The point: Retirement planning using general assumptions about your future income is just retirement guessing. And – surprise – it’s useless.
Seriously? Three posts into a retirement series and we haven’t even answered the question “how much do I need to retire?”
To reiterate (again): we’re approaching retirement planning without assumptions, and trying to avoid useless numbers in favour of real ones. Heck, we’re even questioning what we mean when we say “retirement”. (For another good assumption-busting post, take a look at Jon Chevreau’s take on findependence vs. retirement.)
Because you’ve already done the work in part two to analyze your current spending and project those expenses into the future, you know how much income you’ll need. Now we’re looking at where it’s going to come from.
To that end, here’s a retirement calculator, already helpfully filled in with all the information you need to know about your Canada Pension Plan and Old Age Security entitlements:
That guy looks pretty relaxed, right? I mean, for a guy with no savings and no company pension, he just opened up his laptop and found out he’ll get $18,702.84 a year from the government when he retires. Sweet!
Put that guy in a suit with a name-tag, replace his slightly confused expression with a confident smile, stick him behind a desk, and he’s now qualified to offer retirement planning, thanks to the magic of computers! Hooray!
The Bad News
It’s pretty unlikely that you’re going to qualify for the maximum amount of CPP. The average benefit paid to retirees at 65 (for now) is $6,415.80 per year, substantially less than the calculator’s default of $12,150.
Any “advisor” who gets to this part of a retirement plan and forecasts your government benefits using the default maximum values, or by allowing you to guess at your pension eligibility, isn’t worth talking to. In short: he doesn’t know what he’s talking about.
He was given a three hour course on how to use a retirement calculator and set loose on an unsuspecting population to clutter up their filing cabinets with “planning” garbage. Oh, yeah, and to convince you to contribute more to your RRSP.
Are you shocked? Skeptical of my abilities to peer into your private meeting? Let’s take a (very)short quiz to see if he knew what he was talking about:
- Did he ask you for your record of CPP contributions?
- Did he ask you for a copy of your most recent pension statement?
If the answer to either of these questions is “No”, then I’m right, he’s wrong, and you’ve got a useless retirement plan.
And now for the good news
You already have access to precise information about your public and private pension income forecasts based on your past contributions and years of service.
Canada Pension Plan
You can find your Statement of CPP contributions online in your My Service Canada Account. (If you don’t already have an account, get one. There’s no good reason to not have immediate access to your own information online.)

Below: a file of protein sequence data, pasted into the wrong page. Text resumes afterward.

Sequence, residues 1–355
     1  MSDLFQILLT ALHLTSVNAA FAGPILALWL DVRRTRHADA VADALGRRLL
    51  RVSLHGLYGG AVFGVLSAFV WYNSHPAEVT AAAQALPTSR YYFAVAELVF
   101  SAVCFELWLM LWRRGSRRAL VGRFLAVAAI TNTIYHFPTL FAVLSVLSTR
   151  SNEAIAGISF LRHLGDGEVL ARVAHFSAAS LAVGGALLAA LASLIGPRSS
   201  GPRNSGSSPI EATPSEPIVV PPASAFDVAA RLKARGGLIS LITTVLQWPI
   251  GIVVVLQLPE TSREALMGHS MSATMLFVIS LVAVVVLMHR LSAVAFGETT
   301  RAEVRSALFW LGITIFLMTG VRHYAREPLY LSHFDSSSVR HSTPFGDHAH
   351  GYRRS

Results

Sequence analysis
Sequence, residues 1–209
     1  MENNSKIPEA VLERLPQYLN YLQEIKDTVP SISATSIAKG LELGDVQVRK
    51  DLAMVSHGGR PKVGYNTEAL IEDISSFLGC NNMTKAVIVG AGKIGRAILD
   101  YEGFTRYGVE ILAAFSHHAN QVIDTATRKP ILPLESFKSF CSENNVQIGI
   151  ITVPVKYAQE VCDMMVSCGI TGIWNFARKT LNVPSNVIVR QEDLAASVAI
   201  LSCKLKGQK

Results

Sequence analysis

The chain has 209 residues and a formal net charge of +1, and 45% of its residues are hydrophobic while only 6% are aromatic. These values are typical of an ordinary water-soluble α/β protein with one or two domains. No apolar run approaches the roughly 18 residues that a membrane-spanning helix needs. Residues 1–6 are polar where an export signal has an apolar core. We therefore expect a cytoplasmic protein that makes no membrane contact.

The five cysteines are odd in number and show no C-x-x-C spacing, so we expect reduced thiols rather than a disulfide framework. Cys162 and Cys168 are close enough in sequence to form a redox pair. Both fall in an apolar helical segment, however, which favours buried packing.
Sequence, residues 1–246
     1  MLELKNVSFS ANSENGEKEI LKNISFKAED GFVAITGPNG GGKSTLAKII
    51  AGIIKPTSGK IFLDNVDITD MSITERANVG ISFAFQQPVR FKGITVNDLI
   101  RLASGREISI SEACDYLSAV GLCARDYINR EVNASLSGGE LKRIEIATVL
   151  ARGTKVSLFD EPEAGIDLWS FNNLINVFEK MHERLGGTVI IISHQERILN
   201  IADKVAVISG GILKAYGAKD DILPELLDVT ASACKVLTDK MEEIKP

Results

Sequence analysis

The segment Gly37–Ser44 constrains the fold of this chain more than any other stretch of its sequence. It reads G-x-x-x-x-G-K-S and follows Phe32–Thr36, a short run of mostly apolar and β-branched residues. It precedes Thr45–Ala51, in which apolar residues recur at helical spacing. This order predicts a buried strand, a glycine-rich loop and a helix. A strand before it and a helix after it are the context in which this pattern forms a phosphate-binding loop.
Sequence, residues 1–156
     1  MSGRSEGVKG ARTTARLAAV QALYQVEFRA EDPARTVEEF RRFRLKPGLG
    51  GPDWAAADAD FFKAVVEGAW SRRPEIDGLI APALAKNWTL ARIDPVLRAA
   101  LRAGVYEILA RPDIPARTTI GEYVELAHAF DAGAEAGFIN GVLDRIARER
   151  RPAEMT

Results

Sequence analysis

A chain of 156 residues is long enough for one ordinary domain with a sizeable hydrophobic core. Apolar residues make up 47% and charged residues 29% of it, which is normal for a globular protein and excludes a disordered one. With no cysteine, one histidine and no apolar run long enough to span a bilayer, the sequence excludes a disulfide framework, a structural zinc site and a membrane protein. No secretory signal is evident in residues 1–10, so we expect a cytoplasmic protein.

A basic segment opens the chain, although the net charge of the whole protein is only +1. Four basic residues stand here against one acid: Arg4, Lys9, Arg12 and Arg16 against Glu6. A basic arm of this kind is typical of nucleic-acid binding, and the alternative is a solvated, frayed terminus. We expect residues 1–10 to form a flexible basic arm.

Here’s an example of the amazing things you can learn: based on the actual amount of money you’ve contributed, and your actual eligible earnings since you turned 18, you can even get an estimate of what your pension would be if you were 65 (or 60, or 70) today.
Old Age Security
OAS is easier and more difficult at the same time. It’s easy if you were born earlier than 1958 or later than 1962 and have or will have lived in Canada for 40 years after you turned 18. Both groups of people will receive the maximum amount, which right now is $6552.84. Those born earlier than 1958 will get it when they’re 65, and those born later than 1962 will get it when they’re 67.
Anyone born in 1957 through to the end of 1962, but live in Canada for 40 years after age 18 will still get the maximum amount, but will have to wait a little later to get it. You can find your exact eligibility date here.
**I’m going to do you a favour: If you fall into either of the three OAS situations described above, skip this next section, because It Is Boring. Trust me, I wrote it. Flowcharts are fun, but not that fun.**
Click to enlarge, but only if you want your eyeballs to bleed.
**All right, you can start reading again.**
More good news: if you have a defined benefit or contribution plan through your employer, you get a statement every year. That statement tells you exactly when you’re eligible to retire and with how much. (What it doesn’t tell you, unfortunately, is how underfunded your pension plan might be. That’s a post for another day.)
Real numbers are so much fun, aren’t they?
Now you’re armed with some information specific to you: what you want your retirement to look like, how much annual income you think you’ll need to cover your expenses, how much CPP and OAS you’ll get depending on when you choose to take them, and how much income you should get from your private pension if you have one.
Which means it’s almost time for fun with retirement calculators!
This is part four of a six part series on realistic retirement planning. If you’re just starting with me, you can read the rest of the series here:
RRSPs: Hunting Season (what banks and brokers are really offering at RRSP season)
Avoiding the Useless Retirement Plan, Step One (figuring out what you mean by “retirement”)
Numbers, Numbers, Numbers (how to calculate exactly what you’ll spend in retirement by figuring it out today)
Fun With Retirement Calculators (how to get the best use out of a faulty tool)
Effective Retirement Planning is About Spending, Not Saving (And Sit Up Straight) (what to do if you can’t save enough)